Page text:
John Nicholson's town house still stands in Chestertown and is indeed one of the community's architectural gems. The Nicholson house seemed to complete a cycle. When its present owners acquired it in that year its preservation was begun and its future assured. It also found itself "In the Navy" again as it became the proud possession of Captain and Mrs. Deringer, USN (Ret.), who have shared tt with the public in innumerable local house tours and Maryland House and Garden Pilgrimages. In 1968, the Maryland Historical Trust selected the Nicholson-DERINGER house among several others in a select group, to be entered on the National Register of historic and architectural landmarks.

My comments continued:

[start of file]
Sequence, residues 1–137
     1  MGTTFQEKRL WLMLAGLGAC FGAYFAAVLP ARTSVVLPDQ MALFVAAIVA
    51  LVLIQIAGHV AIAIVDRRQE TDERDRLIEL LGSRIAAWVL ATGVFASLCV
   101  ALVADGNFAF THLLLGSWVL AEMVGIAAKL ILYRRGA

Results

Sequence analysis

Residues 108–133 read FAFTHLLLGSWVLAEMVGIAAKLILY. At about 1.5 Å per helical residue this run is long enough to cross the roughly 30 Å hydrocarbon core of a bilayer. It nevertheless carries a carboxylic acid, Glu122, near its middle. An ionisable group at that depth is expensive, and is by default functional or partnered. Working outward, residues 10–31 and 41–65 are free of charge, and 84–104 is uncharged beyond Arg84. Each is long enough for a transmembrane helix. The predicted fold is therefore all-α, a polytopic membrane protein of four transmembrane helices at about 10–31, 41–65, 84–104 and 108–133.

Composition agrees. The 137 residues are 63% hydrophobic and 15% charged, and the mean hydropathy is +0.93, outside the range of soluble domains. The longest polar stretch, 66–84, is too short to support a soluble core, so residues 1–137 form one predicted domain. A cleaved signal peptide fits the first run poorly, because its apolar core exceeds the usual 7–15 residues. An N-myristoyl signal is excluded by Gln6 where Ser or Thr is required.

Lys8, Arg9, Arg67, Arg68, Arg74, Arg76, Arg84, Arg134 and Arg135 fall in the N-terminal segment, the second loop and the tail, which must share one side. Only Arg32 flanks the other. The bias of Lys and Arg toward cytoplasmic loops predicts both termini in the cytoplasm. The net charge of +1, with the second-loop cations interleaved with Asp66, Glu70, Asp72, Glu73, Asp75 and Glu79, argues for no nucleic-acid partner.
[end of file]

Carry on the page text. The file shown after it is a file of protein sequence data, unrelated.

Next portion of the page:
The date of John Nicholson's death is not completely clear.  In an article from the "Shoreman" in 1968 written by Maynard P. White, his death and will are given as 1844.  Correspondiongly, in an article of the U.S. Navy regarding the current ship USS NICHOLSON, his death is given as 144.  However, other evidence indicates he died in 1803.  In Land Records of Queen Anne's County (2-17-1804, Catherine Nicholson (presumably the daughter of John Nicholson) of Baltimore mentions dec'd father John Nicholson.  Also, in Land Records of Queen Anne's County (4-1-1803), Rebecca Nicholson of Baltimore described as widow of John Nicholson when she transferred land to Arthur Holt.  John's wife was Rebecca Holt.  Also, in "Ancestry of Albert Gallatin and Hannah Nicholson", New York, Press of T.A. Wright, 1916, it is stated in regard to John and Rebecca's son, William Carmichael Nicholson, "In 1808 after the death of both of his parents he came to live in the family of Albert Gallatin in New York".  Therefore, these other sources indicate that John died by 1803 and Rebecca died by 1808.  And, finally, from Marriages & Deaths from Baltimore Newspapers, Surnames, M-N, Page 238: "Nicholson, Mrs. Rebecca, widow of Capt. John Nicholson, died last Tues., in her 43rd year, leaving several children. (BEP 8 Oct 1808)".